Similarly, the right to bear arms might be necessary, but it's not particularly noble. Still less are guns intrinsically noble. They're machines for killing things at a distance. No, they're not intrinsically evil either. There's nothing actually malevolent about a gun itself, if it's never used to hurt anybody. But guns are used to hurt people, all the time. To the extent that this is true, even if guns are necessary for self-protection and preventing tyranny, then guns that aren't intended for hunting are at best a necessary evil. It would be better if we could have a society peaceful and free enough that they weren't needed. Yes, maybe such a society is far-fetched, but that doesn't mean it wouldn't be a better one. I tend to think a society that venerates weapons is likely to be a more violent society (or maybe it's vice versa). Is THAT so far fetched?

Another attitude I dislike among some of the right-wing gun crowd is the assumption that someone who thinks guns should be regulated must secretly want to come and take everyone's guns away. Maybe they do and maybe they don't. I have met people who do, but I know I don't. I do want guns regulated, but I don't want them all taken away. If the government really started calling for a full ban on all guns, I would oppose it. But the government isn't calling for a full ban. People keep saying Obama wants to take their guns away. How do they know that? Calling for regulations isn't the same as calling for a ban, and most slippery slope arguments like that are fallacies. Taking a couple of steps in a particular direction doesn't mean you never intend to stop walking. If I put a little hot sauce on my food, does that mean I secretly want to pour out the whole bottle? No. There's such a thing as “the right amount” and it's rarely either ALL or NONE.

As for whether Obama really wants to come and take everybody's guns away, I really don't think he does, and I think people should consider giving him the benefit of the doubt. If you look at the White House web page on his gun plan, it specifically says “Most gun owners are responsible and law-abiding, and they use their guns safely. The President strongly believes that the Second Amendment guarantees an individual right to bear arms.” Now of course his administration is going to say something similar to that, but I don't think they had to include that part about an individual right. They didn't have to acknowledge the individual right interpretation recently ratified by a right-learning Supreme Court, but they did. Maybe that's just lip service to the more legally sophisticated crowd, but I'm not sure. I think they may just be acknowledging that the majority of people in this country believe Americans should have an individual, but not absolute, right to own guns. Maybe they even believe it themselves. If you want to claim someone has a secret agenda, that's an extraordinary claim, and extraordinary claims require extraordinary evidence. I just don't see it. I don't think Obama really wants to come for people's guns. I think those who are sure he does are being paranoid, and mistaking pragmatic liberalism for extreme authoritarianism. Maybe I'm one of the “sheeple”, but if you think so, I say the burden is on you to show me credible evidence I'm wrong.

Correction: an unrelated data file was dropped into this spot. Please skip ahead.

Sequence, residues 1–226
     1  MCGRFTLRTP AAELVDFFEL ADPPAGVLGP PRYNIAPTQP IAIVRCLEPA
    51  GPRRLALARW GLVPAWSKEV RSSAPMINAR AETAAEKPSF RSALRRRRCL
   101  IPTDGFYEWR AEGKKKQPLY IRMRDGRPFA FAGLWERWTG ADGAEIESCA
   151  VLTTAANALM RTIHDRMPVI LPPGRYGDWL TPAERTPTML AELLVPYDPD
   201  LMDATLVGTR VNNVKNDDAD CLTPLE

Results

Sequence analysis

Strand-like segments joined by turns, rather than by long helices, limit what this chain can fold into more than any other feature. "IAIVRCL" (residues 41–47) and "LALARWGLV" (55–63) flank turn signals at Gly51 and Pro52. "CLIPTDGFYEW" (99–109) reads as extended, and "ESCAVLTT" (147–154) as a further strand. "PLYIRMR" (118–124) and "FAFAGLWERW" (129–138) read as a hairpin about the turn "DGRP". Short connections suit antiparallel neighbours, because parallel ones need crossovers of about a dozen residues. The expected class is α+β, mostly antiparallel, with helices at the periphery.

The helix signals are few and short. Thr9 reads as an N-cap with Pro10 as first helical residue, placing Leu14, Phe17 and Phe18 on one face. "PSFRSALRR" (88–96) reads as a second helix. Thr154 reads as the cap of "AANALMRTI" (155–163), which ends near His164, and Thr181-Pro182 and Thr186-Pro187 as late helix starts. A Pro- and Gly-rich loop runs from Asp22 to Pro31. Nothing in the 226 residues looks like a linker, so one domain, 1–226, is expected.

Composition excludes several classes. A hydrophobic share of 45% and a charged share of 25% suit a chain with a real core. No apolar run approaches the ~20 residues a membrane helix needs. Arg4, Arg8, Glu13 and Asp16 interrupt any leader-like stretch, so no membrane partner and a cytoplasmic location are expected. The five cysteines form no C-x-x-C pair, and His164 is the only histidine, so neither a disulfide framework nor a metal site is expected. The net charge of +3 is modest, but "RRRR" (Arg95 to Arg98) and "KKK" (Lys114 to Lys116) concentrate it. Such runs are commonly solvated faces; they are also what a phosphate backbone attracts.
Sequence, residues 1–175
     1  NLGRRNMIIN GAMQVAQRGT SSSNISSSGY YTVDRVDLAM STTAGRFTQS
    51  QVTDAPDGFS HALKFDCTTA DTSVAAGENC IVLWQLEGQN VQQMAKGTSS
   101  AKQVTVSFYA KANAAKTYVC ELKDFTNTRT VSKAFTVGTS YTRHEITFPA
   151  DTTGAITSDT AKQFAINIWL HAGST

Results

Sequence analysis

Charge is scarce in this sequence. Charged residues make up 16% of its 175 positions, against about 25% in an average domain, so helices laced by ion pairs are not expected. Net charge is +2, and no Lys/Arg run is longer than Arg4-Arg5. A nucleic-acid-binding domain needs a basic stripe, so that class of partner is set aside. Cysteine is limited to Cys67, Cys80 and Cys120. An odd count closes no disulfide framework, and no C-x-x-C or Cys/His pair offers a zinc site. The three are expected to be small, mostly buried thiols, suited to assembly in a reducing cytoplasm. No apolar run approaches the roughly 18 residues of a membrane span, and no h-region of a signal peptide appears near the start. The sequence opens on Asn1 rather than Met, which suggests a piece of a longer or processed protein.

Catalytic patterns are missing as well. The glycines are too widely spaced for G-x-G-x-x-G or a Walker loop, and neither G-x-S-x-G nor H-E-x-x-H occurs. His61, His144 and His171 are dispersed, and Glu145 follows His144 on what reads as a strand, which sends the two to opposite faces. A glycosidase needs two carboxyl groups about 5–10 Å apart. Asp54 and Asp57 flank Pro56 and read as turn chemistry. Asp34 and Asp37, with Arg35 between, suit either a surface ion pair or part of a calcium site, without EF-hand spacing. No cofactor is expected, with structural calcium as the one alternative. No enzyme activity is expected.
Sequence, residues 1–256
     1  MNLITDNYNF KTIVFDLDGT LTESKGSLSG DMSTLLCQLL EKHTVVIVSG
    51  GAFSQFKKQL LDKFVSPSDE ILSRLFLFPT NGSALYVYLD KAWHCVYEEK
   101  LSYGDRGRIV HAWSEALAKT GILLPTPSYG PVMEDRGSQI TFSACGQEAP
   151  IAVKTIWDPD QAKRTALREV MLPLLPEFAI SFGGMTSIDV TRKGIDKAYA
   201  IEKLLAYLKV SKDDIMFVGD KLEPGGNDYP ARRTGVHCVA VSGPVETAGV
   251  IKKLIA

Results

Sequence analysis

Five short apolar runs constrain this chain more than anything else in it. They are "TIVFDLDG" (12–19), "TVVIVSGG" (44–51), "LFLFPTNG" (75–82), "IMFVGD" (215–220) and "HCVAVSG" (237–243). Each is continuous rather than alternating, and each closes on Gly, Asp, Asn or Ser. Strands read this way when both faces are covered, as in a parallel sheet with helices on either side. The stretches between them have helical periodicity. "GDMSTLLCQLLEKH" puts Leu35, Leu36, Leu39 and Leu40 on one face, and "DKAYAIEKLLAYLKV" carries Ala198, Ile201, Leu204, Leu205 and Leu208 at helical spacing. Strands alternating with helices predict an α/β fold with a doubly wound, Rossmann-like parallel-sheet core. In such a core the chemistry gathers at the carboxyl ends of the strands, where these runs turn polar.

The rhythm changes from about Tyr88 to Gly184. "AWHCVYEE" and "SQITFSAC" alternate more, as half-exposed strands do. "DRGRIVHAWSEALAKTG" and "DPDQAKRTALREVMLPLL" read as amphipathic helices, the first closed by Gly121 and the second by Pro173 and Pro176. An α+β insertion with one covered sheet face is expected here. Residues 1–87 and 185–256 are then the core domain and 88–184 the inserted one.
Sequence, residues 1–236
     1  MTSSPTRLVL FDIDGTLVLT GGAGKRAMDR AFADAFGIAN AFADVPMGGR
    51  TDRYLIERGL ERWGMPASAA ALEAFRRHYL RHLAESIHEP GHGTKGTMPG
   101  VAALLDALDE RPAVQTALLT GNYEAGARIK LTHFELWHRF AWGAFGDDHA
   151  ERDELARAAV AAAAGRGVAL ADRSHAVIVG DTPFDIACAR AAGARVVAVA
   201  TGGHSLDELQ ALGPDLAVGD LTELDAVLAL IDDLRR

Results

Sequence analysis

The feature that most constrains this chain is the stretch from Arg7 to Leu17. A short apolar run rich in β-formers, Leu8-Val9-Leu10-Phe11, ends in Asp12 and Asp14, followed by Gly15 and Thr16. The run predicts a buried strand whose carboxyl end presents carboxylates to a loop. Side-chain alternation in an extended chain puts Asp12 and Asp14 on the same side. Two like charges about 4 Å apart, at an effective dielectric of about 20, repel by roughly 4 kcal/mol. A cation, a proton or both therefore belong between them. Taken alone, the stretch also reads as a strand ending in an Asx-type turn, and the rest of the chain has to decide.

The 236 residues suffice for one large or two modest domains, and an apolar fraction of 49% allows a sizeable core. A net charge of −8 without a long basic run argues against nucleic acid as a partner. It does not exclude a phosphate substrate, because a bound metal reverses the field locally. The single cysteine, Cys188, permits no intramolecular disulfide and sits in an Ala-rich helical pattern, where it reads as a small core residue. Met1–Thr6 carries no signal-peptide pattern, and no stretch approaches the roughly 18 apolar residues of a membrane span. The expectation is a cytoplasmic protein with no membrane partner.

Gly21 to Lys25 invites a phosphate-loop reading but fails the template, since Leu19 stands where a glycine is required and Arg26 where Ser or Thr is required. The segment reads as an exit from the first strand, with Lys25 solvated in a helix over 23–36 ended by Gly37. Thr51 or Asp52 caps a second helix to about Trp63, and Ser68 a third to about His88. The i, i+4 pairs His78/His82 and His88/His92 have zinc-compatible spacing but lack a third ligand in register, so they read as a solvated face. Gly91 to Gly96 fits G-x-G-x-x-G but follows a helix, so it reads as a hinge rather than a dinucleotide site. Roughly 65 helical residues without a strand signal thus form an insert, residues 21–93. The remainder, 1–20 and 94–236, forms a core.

To sum up this intemperate rant:

1. The violence in this country isn't so much a problem with how guns are regulated as it is with the glorification of, and comfort with, violence that we have in this culture. The puffed-up firearm machismo is an expression of that culture. Sometimes it's harmless, but sometimes people take it to far. Guys that rhapsodize about their guns may never want to hurt anybody with them, but they need to realize some of the people listening to them might. They might get the itch to use that sexy gun for what it was, after all, made for, and kill somebody. How about we tone down the gun worship talk a little? Children hear that talk, and it molds their attitudes and goals. Weak-minded psychopaths hear it, too.

2. The Second Amendment does protect the individual right to have some sort of gun. But that doesn't mean you should be able to do whatever you want with that gun, or take it wherever you want. The question is not, “Should I be able to have whatever kind of armaments I want?” Nobody thinks you should—after all, the Second Amendment doesn't even use the word “gun”. It says "arms", and surely no sane person thinks I should be able to have arms like, say, tactical nuclear weapons. Even if the Second Amendment used the word “gun”, a gun could be some kind of heavy artillery capable of shooting a ten-pound shell over the horizon. Everyone with any sense agrees that there is a line to be drawn, beyond which a weapon is too deadly to be kept by a private individual. The question is, where do we draw the line? How do we come up with laws that balance liberty and public safety? Life is full of trade-offs. Liberty is a great thing. But it's not the only thing.